Migrating a WordPress Multisite subsite can be rather tricky since the site will share much of its code and even some of the database tables with other sites in the network, so it’s not as easy as moving files and a a copy of the database and calling it a day. One option would be a standard WordPress export/import, however that method comes with the caveat that themes, plugins, and settings are not migrated with that process which can often leave the user with a lot of cleanup work to get a site back to working order. This guide will detail how to properly migrate a subsite to a standalone WordPress installation while maintaining all settings, themes, and plugins.
We must start by gathering some data about the install. You’ll want to log into the multisite and determine the Site ID Number for this particular subsite. This can be done by going to Network Admin > Sites and then search for the particular subsite and click Edit. You’ll see the ID number as a URL parameter for that site.
You’ll also want to determine which theme and plugins the site is using so you can just move those particular folders since the plugin and themes folders in a multisite will be shared across all subsites and could contain hundreds. This information is best gathered by accessing the Dashboard of the subsite where you’ll find the active theme under Appearance and the Active plugins under the Plugins > Active menu.
Now that we have gathered that information the next step is to download the content. We won’t need core WordPress files since we can install WordPress on our own in the new standalone install. For the plugins and the theme download them via FTP from the associated wp-content/plugins and wp-content/themes folders.
We will also need all the media uploads. These can be found in either wp-content/blogs.dir/SITEID/files or wp-content/uploads/sites/SITEID so you’ll need that Site ID you got earlier to know which folder to download.
Now we need to grab a copy of the database. In a WordPress Multisite install the database can be quite large as there are a few shared tables and then each subsite has its own set of tables. We’ll need to do two separate exports here to handle both. The first export we want to use our site ID number we got early to find the tables specific to that site which will be suffixed in the table name. Exporting just those tables is easiest done via command line for very large databases:
mysqldump DATABASENAME $(mysql -D DATABASENAME -Bse "SHOW TABLES LIKE 'wp_1689_%'") > database-dump.sql
Replace DATABASENAME above and adjust 1689 to whatever site ID number you have and it will export a SQL file with just that site’s tables.
We also need two shared tables which we can grab from phpMyAdmin, they are wp_users and wp_user_meta. They should show up on the last page of tables for that database and you can select both and click Export to grab a .sql file.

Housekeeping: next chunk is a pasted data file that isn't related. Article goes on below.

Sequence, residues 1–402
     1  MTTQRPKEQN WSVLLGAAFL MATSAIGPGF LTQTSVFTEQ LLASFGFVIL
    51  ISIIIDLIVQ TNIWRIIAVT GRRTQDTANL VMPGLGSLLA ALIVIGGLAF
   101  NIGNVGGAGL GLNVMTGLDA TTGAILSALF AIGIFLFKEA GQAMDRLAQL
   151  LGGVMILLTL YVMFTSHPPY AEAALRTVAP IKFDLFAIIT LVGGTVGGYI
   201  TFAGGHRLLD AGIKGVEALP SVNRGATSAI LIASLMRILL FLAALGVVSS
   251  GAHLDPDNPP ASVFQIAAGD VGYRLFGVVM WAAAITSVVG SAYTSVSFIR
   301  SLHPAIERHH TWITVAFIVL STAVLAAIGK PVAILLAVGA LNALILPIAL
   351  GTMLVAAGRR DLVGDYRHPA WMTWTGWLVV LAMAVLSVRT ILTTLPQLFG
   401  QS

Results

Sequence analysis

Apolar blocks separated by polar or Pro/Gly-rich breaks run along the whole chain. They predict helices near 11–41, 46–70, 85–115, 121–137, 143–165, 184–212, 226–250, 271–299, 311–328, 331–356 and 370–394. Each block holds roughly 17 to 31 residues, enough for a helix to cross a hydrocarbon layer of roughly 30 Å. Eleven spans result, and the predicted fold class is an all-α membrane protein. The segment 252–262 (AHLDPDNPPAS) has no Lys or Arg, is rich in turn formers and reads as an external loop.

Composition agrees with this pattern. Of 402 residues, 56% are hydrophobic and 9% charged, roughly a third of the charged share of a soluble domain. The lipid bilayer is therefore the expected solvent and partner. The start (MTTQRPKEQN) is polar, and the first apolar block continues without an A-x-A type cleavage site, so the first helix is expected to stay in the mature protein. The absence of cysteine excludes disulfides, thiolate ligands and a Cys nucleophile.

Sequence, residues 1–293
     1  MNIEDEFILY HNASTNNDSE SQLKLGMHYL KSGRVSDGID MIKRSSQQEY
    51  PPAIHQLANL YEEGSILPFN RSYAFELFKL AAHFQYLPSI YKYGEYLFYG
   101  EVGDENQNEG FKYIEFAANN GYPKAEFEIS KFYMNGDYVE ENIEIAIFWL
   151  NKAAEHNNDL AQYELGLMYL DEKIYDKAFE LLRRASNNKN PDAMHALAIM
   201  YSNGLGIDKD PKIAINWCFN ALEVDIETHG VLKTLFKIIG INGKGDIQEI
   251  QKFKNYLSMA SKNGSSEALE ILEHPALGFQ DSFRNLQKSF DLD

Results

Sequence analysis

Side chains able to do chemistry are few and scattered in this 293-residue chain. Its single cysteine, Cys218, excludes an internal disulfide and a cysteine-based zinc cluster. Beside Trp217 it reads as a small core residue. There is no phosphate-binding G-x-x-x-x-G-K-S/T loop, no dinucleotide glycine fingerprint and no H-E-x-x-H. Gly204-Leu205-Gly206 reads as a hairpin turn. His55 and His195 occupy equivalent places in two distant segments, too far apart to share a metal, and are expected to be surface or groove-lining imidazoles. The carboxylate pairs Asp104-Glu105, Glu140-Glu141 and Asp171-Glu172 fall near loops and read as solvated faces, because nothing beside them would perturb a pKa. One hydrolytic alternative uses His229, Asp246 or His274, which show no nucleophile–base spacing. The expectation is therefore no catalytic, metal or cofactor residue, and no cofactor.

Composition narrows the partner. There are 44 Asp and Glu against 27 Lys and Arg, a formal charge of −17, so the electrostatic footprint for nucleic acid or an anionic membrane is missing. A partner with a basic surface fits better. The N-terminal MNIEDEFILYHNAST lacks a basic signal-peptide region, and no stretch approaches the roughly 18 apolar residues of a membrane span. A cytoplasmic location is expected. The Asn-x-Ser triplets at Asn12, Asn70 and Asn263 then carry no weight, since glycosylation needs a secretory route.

(You could also use the following command via terminal:
mysqldump DATABASENAME $(mysql -D DATABASENAME -Bse "SHOW TABLES LIKE 'wp_user%'") > databaseusers-dump.sql
Before we begin uploading everything to the new standalone WordPress install we do need to cleanup that site-specific table database dump. All the table names have the site ID in them but the standalone site won’t use that. We can fix this by simply opening the database dump in a text editor and running a find-and-replace to find (in this example) wp_1689_ and replace with wp_ and then save the file.
We’re now ready to setup the standalone WordPress install. Start by installing a clean copy of WordPress in the account (it won’t matter what credentials you use because our database will replace them).
Using FTP upload your plugins and themes to the wp-content folder. Also go ahead and upload the site media to wp-content/uploads.
Using phpMyAdmin we need to first delete all existing tables from the standalone WordPress install. Select them and choose Drop.
Now import in both of the .sql files you exported, the shared user tables and the site specific ones (that you did the find and replace on).
The final step is to do a find-and-replace for URL changes since the standalone WordPress install will likely be running under a new domain. This is easily accomplished via terminal under the new account with the following command:
wp search-replace 'old-url' 'new-url'
You can leave out http and https as well as www or not since you may not be sure which URLs are using them and just use the root domain to replace. Also make sure to back up the database before running this so you can revert if things go wrong! There’s also a good chance the uploads were previously loading from URLs like domain.com/subsite/files/2020/etc and will need to be replaced with newdomain/wp-content/uploads.
wp search-replace 'blogs.dir/SITEID/files' 'uploads'
You may also want to remove any users that were not in the User dashboard of the old site or advise the administrator to remove them. If all goes well this migration should allow a subsite to be moved to a standalone WordPress install.